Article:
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> For 10 million years after the K/T boundary, there were NO large
>carnivoran-type mammals. Or at least none have been found yet. It looks like
>things got out of whack for the Mammalia too. Malcom McKenna wrote a good
>summary of the radiation of mammals in _Natural History_ last? year.
>It was either in 1994 or 1993. I recall that Novacek had something in that
>article also. The articles were meant for the general public.
I dug up some references for this: There are three really good
articles on fossil Mammalia and its radiation prior to, and after the K/T
Dr. Michael J. Novacek wrote a good summary of research (up to 1994) on the
small mammals of the Mesozoic (those pint-sized compatriates of the
Dinosauria). Check out this tongue-twister for a systematic name:
Dr. Malcolm McKenna wrote another fossil small-mammal summary article.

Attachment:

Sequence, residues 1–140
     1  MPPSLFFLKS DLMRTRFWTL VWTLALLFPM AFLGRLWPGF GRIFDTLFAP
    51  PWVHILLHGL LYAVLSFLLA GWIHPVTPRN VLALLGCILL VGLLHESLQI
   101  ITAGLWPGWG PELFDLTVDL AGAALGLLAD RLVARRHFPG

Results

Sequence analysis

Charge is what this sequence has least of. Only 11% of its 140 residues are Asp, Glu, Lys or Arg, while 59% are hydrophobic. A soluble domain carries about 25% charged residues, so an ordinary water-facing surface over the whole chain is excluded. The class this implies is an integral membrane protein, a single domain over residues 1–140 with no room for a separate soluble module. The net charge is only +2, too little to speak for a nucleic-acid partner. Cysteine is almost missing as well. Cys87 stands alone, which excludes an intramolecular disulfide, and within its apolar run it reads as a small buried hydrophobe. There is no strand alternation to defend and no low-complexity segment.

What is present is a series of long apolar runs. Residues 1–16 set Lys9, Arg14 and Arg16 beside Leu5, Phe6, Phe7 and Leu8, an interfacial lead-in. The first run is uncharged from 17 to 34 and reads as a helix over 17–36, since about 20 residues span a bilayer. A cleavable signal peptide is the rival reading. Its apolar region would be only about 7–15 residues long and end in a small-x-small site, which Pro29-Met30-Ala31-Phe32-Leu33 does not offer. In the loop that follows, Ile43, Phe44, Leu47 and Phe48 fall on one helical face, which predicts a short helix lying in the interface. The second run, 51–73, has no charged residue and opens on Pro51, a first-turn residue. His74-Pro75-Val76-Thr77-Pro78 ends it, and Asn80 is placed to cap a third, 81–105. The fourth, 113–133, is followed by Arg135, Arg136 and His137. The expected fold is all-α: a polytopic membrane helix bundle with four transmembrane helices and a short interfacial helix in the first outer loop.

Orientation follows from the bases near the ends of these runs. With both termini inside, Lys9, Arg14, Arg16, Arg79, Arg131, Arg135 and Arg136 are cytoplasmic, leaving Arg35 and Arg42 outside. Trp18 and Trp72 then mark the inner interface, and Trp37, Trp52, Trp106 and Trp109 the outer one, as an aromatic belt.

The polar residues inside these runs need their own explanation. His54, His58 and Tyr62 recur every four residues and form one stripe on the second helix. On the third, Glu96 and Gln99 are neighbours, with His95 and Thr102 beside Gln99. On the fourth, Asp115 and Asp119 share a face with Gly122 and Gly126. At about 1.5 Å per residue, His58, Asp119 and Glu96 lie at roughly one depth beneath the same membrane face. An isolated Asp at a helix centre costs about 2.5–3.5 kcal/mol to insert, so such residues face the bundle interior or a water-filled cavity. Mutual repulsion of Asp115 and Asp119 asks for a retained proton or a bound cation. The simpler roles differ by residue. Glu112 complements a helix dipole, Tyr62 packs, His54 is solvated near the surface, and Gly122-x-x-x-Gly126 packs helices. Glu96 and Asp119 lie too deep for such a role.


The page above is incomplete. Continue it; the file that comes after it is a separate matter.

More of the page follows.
Dr. Richard H. Tedford wrote an excellent overview on the status of our
knowledge of the radiation of the carnivoran mammals (my personal subject of
interest, I must confess). Want to know what distinguishes the
Carnivora from the other carnivorous mammals? Read Tedford's article and
All three articles appear in _Natural History_, April, 1994.
_Natural History_ is a magazine, rather than a science journal, and
therefore is found in most public libraries. The 3 articles in question are
written for everyone, and are an easy read.
For the more adventuresome souls who want to know more about the
multituberculates and other small dinosaur snacks of the Mesozoic, get your
hands on a copy of:
_Mesozoic Mammals: The First Two-Thirds of Mammalian History_,
Jason A. Lillegraven, Zofia Kielan-Jaworowska, and William
Clemens, eds., University of California Press, Berkeley, 311 p.,
Although dated, the book still gives a good overview.
Also, be warned that compared to _Natural History_ magazine,
_Mesozoic Mammals_ is technical.